What So Many People Don’t Get About the U.S. Working Class (November 10, 2016)

And in the spirit of the age, some have felt drawn to this popular song from the musical, Les Miserables (2012).

A song of angry men


Based on the Victor Hugo novel, the setting for the musical is during troubling times in France.

1789–1832

The novel spanned the French Revolution, the Reign of Terror, the rise and fall of Napoleon, the Bourbon Restoration, to the July Monarchy. [ reference: France in the Long Nineteenth Century ]

And during the July Monarchy, the workers revolted against their abysmal conditions.  The scene in the video clip above reflects this protest.

Then in...

2016

This theme was picked up by some Trump supporters. Especially, after half of his supporters were described as a basket of deplorables:  Les Deplorables (September 16, 2016)

America has known turbulent times.  Just look back to the last century ...

The 1960s 

The unpopular Vietnam War sparked many protests and riots. The decade witnessed the assassination of many leaders: President John F Kennedy (1963), civil rights leader the Reverend Martin Luther King (1968), presidential candidate Senator Robert F Kennedy (1968). [ reference: America's Best Timeline (1960 - 1969 ) ]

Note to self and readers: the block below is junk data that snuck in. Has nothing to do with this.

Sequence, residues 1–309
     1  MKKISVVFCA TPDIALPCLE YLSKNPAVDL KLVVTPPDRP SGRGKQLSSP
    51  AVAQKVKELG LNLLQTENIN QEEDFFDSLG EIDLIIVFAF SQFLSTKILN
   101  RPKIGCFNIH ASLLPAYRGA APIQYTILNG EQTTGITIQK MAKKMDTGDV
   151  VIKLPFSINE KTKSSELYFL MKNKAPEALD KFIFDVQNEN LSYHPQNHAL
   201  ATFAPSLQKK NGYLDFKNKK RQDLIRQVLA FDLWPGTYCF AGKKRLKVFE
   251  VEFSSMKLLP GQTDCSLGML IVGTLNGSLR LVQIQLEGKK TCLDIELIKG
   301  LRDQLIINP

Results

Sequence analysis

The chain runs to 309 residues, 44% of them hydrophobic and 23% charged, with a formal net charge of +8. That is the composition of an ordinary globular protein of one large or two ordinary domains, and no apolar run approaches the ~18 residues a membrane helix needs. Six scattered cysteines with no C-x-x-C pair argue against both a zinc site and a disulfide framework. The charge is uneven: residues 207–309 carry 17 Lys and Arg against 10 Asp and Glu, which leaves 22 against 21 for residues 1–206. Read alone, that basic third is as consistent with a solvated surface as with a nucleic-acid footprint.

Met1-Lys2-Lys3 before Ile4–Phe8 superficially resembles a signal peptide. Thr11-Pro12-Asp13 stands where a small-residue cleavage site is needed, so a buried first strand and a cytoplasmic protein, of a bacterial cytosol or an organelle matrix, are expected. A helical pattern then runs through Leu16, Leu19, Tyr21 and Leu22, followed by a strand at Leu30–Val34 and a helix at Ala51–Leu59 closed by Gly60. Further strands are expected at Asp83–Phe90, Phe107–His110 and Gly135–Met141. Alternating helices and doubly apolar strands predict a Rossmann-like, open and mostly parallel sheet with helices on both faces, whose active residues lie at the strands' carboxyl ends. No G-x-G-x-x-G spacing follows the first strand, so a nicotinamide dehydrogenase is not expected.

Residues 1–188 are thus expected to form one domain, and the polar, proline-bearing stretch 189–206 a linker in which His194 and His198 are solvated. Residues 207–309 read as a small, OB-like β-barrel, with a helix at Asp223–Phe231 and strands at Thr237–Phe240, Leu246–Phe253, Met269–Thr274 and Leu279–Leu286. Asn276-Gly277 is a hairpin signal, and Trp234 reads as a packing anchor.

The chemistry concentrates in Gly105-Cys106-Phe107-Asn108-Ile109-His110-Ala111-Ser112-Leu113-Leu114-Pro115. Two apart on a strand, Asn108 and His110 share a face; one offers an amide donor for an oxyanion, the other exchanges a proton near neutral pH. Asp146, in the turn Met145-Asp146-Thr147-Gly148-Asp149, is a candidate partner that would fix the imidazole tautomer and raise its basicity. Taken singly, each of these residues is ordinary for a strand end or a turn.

Angry men...angry peoples... Even a call for....

Revolution?

And the Beatles, one of the icons of the era, had their take on the angry men of the time. It was even called  Revolution (1968) .

They put out this song answering the question about the Vietnam War. All the protests. All the riots. And their response in the lyrics is a surprising call for reason.

Let's take a closer look at them.




The entire lyrics can be found here: Beatles - Revolution Lyrics | MetroLyrics

Here's my comments on some of the meanings of the words.

* Point 1

You say you want a revolution
...
You tell me that it's evolution
...
We all want to change the world

 Revolution and evolution can be a good thing.
(Something we've heard a lot about in the past few election cycles.)
Hope and Change
Good intentions, right? 
Change the world for the better

* Counter Point 1

But when you talk about destruction
Don't you know that you can count me out
....

Violent protests, riots, vandalism, looting?
Allegedly sparked by grievances, real or imagined.
Especially when a group doesn't get their way ...
Like an election?